Tuesday, October 7, 2008

Improvements to JTS buffering

By far the most difficult code in JTS to develop has been the buffer algorithm. It took a lot of hard graft of thinking, coding and testing to achieve a solid level of robustness and functionality. There have been a couple of iterations of improvements since the first version shipped, but the main features of the algorithm have been pretty stable.

However, it was always clear that the performance and memory-usage characteristics left something to be desired. This is particularly evident in cases which involve large buffer distances and/or complex geometry. These shortcomings are even more apparent in GEOS, which is less efficient at computation involving large amounts of memory allocation.

I'm pleased to say that after a few years of gestating ideas (really! - at least on and off) about how to improve the buffer algorithm, I've finally been able to implement some enhancements which address these problems. In fact, they provide dramatically better performance in the above situations. As an example, here are timing comparisons between JTS 1.9 and the new code (the input data is 50 polygons for African countries, in lat-long):

Distance JTS 1.9 JTS 1.10

0.01 359 ms 406 ms
0.1 1094 ms 594 ms
1.0 16.453 s 2484 ms
10.0 217.578 s 3656 ms
100.0 728.297 s 250 ms
1000.0 1661.109 s 313 ms

Another tester reports that a buffering task which took 83 sec with JTS 1.9 now takes 2 sec with the new code.

But wait, there's more! In addition to the much better performance of the new algorithm, the timings reveal a further benefit - once the buffer distance gets over a certain size (relative to the input), the execution time actually gets faster. (In fact, this is as it should be - as buffer distances get very large, the shape of the input geometry has less and less effect on the shape of the buffer curve.)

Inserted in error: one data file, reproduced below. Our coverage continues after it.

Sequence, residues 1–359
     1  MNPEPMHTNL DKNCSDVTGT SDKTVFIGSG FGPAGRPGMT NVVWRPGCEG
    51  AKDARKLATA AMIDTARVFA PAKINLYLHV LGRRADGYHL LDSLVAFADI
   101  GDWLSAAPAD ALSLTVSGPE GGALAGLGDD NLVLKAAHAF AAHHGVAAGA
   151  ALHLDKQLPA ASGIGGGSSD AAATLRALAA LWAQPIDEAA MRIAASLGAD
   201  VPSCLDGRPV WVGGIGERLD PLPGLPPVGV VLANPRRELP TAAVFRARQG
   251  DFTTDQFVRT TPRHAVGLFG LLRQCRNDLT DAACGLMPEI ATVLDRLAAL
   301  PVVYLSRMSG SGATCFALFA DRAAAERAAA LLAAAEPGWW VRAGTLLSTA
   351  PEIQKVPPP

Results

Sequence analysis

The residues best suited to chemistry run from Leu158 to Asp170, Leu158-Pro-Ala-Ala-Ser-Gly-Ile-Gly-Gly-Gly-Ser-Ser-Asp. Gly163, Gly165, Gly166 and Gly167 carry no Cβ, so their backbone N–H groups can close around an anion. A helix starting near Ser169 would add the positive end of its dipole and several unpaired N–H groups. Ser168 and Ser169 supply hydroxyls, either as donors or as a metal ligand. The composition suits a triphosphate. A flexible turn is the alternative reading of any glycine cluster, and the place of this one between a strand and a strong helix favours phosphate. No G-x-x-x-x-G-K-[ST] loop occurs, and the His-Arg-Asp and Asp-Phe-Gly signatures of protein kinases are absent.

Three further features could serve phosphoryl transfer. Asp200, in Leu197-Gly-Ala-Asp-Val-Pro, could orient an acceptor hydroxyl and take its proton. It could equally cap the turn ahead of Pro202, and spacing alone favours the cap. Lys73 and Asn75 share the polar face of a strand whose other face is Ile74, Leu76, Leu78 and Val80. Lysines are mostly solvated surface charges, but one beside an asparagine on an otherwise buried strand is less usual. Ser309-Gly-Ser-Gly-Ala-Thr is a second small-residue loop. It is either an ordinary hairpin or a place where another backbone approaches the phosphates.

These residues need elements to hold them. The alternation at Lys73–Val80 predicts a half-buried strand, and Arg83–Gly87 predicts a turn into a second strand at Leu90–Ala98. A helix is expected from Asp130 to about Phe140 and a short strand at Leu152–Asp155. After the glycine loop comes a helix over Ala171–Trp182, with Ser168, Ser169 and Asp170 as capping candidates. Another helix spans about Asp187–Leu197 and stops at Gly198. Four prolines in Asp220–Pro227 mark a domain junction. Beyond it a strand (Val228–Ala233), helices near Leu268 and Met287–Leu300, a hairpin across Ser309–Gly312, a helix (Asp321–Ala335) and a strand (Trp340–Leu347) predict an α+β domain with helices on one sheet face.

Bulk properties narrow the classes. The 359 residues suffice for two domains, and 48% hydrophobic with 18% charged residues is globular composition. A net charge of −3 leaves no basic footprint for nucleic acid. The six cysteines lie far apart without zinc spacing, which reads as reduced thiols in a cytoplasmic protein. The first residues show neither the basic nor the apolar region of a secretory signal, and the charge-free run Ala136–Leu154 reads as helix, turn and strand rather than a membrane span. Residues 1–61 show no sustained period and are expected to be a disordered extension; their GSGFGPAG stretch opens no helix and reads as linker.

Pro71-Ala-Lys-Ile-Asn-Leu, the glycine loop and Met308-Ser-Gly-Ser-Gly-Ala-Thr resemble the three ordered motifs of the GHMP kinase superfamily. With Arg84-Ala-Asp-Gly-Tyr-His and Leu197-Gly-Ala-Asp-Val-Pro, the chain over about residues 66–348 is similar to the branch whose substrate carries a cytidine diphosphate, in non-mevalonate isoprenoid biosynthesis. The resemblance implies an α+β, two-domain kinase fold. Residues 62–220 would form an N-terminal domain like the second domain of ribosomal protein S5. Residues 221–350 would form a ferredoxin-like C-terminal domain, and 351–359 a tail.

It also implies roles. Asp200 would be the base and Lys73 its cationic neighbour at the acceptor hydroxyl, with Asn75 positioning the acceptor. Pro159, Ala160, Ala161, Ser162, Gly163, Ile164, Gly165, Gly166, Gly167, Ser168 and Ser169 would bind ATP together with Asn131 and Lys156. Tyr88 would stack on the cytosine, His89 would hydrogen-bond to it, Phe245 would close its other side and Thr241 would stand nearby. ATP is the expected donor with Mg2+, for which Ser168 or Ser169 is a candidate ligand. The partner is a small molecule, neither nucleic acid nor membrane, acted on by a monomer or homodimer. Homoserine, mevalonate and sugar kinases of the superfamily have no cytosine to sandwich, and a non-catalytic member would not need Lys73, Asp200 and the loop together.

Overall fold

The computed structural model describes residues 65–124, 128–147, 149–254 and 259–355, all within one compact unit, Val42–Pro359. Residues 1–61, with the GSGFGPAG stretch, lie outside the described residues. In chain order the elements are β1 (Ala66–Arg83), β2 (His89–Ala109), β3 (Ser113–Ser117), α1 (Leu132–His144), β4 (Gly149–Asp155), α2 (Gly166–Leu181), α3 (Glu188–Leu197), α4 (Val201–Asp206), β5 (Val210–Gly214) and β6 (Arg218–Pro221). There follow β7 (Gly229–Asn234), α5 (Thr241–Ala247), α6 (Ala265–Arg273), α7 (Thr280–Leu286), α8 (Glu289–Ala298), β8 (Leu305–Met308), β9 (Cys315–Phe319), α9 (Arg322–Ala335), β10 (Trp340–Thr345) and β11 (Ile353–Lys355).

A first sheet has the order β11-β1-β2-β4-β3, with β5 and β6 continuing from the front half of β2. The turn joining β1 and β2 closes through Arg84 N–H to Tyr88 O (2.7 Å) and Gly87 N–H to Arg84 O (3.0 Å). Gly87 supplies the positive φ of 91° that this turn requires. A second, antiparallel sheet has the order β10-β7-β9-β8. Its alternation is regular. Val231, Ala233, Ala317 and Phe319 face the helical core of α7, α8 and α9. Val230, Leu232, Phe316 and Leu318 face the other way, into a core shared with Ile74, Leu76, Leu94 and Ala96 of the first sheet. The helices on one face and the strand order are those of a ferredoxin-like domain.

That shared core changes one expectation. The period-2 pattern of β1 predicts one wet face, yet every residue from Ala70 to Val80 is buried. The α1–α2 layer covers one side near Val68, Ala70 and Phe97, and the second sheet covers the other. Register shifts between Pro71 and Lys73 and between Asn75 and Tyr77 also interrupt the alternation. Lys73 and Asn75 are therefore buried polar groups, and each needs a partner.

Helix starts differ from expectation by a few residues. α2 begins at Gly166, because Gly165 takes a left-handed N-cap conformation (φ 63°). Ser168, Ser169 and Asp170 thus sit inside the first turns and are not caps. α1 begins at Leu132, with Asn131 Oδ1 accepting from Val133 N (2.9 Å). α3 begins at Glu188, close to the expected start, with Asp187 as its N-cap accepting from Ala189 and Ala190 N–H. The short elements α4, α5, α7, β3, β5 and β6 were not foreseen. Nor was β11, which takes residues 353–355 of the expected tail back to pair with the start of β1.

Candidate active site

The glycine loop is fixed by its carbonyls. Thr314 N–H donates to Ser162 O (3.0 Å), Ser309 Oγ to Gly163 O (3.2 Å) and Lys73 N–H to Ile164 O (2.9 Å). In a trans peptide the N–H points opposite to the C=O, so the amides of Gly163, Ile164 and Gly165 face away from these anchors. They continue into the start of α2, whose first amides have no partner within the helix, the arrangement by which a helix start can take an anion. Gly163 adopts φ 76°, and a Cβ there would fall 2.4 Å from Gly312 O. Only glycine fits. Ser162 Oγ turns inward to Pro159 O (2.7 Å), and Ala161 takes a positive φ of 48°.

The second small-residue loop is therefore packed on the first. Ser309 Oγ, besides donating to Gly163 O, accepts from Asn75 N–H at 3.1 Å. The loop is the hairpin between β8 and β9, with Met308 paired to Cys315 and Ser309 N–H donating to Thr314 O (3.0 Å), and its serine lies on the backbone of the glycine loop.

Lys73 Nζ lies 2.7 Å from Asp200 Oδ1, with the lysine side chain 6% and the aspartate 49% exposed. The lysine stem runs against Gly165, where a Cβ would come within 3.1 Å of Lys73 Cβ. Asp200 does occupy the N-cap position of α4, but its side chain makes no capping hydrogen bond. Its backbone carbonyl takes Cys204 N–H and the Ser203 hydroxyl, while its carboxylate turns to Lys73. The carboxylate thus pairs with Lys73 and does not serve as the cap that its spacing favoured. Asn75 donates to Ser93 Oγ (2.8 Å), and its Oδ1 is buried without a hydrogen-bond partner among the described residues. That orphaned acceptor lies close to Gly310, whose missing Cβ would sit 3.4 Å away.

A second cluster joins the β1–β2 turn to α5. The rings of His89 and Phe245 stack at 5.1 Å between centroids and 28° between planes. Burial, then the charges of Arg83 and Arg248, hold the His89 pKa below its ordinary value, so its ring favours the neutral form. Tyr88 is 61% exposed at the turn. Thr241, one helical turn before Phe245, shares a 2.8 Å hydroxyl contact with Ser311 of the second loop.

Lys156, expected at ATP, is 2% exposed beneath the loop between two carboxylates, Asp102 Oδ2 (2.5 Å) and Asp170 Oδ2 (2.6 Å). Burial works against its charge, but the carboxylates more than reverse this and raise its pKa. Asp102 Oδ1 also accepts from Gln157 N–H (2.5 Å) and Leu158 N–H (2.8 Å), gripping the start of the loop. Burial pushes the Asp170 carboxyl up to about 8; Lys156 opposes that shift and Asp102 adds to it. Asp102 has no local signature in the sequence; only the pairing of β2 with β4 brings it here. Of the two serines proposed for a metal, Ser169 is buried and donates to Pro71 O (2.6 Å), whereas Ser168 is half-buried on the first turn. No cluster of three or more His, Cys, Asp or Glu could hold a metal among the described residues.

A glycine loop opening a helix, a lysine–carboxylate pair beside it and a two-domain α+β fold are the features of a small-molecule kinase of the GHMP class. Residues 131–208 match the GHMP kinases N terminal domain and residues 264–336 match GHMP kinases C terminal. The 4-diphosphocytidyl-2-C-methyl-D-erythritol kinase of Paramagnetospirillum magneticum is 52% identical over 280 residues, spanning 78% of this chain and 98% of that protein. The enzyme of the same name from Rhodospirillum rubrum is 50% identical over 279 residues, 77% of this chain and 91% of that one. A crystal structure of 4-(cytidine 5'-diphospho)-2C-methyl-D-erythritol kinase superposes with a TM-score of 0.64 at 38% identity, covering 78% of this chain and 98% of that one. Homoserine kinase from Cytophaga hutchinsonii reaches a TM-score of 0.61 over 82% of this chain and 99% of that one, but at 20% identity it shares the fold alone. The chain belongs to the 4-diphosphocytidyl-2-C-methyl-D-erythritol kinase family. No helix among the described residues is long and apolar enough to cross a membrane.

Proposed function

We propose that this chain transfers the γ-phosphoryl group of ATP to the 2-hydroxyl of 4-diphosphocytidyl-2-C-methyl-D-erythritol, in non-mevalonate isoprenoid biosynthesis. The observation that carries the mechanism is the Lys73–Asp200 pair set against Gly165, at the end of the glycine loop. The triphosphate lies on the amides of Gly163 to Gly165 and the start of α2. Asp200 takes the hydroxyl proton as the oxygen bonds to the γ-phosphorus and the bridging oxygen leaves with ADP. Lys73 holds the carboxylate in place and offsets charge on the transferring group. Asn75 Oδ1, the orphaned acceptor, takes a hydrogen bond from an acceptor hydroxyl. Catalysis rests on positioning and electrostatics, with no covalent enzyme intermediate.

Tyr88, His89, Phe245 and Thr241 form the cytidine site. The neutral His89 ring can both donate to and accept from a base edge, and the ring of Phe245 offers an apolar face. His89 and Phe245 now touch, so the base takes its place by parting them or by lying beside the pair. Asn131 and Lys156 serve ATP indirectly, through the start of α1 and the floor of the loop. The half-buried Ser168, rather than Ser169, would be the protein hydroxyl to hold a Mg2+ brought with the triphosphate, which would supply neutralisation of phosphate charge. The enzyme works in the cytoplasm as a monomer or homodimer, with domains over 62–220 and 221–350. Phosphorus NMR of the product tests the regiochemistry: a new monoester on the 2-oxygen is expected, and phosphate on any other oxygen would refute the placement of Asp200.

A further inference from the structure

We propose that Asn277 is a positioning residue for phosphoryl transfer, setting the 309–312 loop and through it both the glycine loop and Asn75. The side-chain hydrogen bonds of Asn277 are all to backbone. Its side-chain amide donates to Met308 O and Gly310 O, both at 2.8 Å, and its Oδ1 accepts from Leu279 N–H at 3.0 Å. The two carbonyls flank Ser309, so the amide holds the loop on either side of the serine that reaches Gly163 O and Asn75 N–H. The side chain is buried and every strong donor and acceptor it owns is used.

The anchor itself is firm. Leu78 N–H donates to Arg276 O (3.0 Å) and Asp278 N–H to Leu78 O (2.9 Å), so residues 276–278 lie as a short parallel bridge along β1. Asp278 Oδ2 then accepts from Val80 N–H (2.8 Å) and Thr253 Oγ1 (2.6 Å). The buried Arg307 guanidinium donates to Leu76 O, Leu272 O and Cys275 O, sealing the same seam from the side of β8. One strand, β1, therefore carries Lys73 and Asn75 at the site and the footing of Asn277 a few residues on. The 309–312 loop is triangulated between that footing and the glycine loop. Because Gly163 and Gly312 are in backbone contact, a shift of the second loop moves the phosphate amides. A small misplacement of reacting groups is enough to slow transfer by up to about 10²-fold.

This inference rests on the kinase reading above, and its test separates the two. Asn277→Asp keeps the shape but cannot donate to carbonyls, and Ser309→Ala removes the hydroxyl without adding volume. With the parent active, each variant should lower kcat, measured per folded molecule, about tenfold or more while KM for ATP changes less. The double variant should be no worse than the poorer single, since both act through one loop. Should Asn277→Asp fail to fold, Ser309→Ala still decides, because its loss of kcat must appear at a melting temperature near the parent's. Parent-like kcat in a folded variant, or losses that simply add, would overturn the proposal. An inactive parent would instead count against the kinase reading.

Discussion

The algorithm improvements which have made such a difference are:
  • Improved offset curve geometry - to avoid some nasty issues arising from arc discretization, the original buffer code used some fairly conservative heuristics. These have been fine-tuned to produce a curve which allows more efficent computation, while still maintaining fidelity of the buffer result
  • Simplification of input - for large buffer distances, small concavities in the input geometry don't affect the resulting buffer to a significant degree. Removing these in a way which preserves buffer distance accuracy (within tolerance) gives a big improvement in performance.
A nice side effect of this work is the development of a solid methodology for validating buffers, and a thorough test suite for correctness, robustness, and performance.

This code will appear in JTS 1.10 Real Soon Now.


Jonathan said...

Very nice! Love the graphic.

Öge said...

Hi, I had some trouble finding the jts website that was currently being maintained. I had thought 1.8 was the newest version until a few days ago, imagine my surprise when I found out 1.10 was on the way. Which site do we use for reporting bugs/problems for the different versions? I have a question regarding the Closest Points function...

Dr JTS said...

Unfortunately due to circumstances JTS has moved around a bit. I'm now maintaining the home page here: http://tsusiatsoftware.net/jts/main.html

For bug reports etc it's best to use the mailing list. Or, you can file on the SourceForge site.

hazlorealidad said...

Great work!

I am interested in a 3d version of the buffer algorithm. The idea is to apply it to a Java3d mesh. I hope its possible to share a few of the ideas for the algorithm.

Dr JTS said...


3D buffering sounds like it would be much, much more complicated than 2D. Also, I'm not sure how many of the various heuristics used in JTS buffering would apply in the 3D case, since from what I have read about 3D spatial algorithms assumptions that hold in 2D often don't in 3D.

But sounds like an interesting project - good luck with it!